Start exploring China to collect moon rock | Canberra Times

Start exploring China to collect moon rock |  Canberra Times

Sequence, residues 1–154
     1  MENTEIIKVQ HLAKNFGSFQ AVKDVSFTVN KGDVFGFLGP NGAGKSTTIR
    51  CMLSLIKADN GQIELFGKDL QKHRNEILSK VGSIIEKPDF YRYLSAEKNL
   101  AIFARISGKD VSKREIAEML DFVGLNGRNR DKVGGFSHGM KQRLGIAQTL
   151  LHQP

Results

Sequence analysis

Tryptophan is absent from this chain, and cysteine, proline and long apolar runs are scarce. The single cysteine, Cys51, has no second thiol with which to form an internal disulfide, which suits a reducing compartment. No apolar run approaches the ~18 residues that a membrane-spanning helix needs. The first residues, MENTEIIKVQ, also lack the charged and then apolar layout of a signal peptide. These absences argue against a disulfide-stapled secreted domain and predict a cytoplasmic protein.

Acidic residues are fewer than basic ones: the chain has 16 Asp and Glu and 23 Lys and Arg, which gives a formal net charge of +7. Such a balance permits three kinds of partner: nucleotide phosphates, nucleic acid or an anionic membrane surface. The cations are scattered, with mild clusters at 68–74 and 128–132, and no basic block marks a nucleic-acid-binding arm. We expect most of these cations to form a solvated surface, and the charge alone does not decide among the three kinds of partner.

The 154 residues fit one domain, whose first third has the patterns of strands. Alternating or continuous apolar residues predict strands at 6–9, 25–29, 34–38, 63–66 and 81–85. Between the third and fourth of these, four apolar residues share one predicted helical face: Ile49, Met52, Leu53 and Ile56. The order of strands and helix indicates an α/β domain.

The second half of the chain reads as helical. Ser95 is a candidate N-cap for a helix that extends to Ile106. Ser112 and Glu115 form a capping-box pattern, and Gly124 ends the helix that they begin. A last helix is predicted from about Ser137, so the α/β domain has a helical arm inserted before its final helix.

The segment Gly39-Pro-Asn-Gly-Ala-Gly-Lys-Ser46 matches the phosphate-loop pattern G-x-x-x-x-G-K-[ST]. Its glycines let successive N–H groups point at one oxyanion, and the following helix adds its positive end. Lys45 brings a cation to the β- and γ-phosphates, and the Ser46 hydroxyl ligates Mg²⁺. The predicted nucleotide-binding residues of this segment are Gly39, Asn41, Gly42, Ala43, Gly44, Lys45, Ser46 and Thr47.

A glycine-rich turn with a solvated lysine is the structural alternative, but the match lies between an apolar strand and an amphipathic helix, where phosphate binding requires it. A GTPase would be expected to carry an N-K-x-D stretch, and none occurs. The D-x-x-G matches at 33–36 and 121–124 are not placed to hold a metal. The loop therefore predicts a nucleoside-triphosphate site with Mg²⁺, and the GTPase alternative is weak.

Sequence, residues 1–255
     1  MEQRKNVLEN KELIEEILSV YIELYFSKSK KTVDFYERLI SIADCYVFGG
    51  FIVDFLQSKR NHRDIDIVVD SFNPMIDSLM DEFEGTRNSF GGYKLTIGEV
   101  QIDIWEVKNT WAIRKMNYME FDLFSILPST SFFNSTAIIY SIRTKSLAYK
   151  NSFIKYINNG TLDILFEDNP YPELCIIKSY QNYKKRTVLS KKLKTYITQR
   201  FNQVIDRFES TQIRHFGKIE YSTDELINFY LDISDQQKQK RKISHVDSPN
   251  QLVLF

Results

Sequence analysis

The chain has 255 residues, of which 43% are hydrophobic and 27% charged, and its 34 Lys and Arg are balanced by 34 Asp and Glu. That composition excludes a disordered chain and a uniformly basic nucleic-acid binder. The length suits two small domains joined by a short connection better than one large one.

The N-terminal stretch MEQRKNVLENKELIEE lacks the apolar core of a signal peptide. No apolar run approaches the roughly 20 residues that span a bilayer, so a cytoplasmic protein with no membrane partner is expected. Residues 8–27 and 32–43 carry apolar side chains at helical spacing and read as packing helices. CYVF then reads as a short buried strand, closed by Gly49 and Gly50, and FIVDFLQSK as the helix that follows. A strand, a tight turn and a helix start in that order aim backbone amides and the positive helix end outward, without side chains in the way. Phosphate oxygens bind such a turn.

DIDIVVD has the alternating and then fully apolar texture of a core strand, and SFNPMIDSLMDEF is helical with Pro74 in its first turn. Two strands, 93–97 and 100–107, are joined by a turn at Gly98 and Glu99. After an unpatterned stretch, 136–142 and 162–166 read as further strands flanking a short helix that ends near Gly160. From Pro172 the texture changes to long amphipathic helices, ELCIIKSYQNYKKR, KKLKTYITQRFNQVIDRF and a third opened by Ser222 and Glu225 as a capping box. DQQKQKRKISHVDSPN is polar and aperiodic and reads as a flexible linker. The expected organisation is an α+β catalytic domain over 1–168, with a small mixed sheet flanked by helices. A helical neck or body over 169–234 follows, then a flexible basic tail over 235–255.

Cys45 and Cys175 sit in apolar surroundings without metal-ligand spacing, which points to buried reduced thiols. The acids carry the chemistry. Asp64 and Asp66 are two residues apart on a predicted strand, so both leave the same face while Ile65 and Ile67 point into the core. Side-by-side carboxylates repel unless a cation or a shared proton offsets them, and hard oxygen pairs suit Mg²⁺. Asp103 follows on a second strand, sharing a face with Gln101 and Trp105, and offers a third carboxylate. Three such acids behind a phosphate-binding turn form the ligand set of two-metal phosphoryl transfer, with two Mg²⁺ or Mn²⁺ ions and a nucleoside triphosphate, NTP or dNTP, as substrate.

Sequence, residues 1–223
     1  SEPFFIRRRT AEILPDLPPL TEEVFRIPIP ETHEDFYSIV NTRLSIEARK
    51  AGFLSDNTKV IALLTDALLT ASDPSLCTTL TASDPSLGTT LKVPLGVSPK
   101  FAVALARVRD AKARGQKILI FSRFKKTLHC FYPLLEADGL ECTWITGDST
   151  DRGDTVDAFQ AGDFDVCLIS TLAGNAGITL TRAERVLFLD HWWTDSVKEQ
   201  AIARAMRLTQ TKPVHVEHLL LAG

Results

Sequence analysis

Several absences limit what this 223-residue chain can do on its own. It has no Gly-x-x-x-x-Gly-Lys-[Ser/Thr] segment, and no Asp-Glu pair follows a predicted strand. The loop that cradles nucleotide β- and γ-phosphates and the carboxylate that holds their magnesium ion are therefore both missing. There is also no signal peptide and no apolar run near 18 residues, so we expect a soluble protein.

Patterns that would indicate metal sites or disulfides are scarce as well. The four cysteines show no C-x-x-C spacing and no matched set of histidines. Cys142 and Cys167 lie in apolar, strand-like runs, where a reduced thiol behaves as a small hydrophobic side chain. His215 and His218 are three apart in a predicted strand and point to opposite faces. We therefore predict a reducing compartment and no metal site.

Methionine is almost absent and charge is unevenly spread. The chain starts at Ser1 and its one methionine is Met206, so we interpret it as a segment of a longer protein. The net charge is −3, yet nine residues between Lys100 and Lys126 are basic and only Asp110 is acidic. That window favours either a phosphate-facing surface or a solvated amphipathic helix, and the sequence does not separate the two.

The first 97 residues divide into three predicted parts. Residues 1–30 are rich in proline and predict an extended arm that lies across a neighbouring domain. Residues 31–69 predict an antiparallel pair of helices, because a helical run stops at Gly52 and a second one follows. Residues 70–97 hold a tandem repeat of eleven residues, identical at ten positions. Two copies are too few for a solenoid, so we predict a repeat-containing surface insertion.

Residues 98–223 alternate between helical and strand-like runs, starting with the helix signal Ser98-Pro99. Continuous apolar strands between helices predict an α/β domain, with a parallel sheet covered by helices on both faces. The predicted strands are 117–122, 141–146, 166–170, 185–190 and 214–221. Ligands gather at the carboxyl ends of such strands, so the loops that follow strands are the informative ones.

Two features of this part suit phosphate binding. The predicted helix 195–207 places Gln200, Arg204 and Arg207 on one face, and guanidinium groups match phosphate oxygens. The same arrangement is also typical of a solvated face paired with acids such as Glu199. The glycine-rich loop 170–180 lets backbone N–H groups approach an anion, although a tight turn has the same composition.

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China plans to launch an unmanned spacecraft to the moon this week to bring back lunar rocks in any nation’s first attempt to retrieve samples from Earth’s natural satellite since the 1970s. Named after the ancient Chinese deity of the moon, the Chang-5 probe will test China’s ability to buy samples remotely from space, even before more complex missions. If successful, the project would only make China the third country to recover lunar models, following the United States and the Soviet Union decades ago. China’s study, scheduled to begin in the coming days, will attempt to collect 2kg of samples from a previously unseen area in a large volcanic plain known as the Oceanus Procellerum or “Ocean of Storms”. The Chang-5 mission may help answer questions such as how long the moon has been volcanically active in its interior and how its magnetic field – the key to protecting any life from the sun’s radiation – is scattering. Once in the lunar orbit, the study aims to land a pair of vehicles on the surface: a lander will drill into the ground, then transfer its soil and rock samples to a climber, which will lift and pass the dock through an orbital block. If this is successful, the samples will be transferred back to the capsule and they will return to Earth. In 2013, China made its first lunar landing. In January 2019, the Chang-4 probe touched the moon’s longest distance, the first time in any country’s space exploration. Within the next decade, China plans to establish a robot base to conduct unmanned explorations in the South Pole. In July, China on its first independent voyage to Mars introduced unmanned aerial vehicle to another planet. Australian Associated Press

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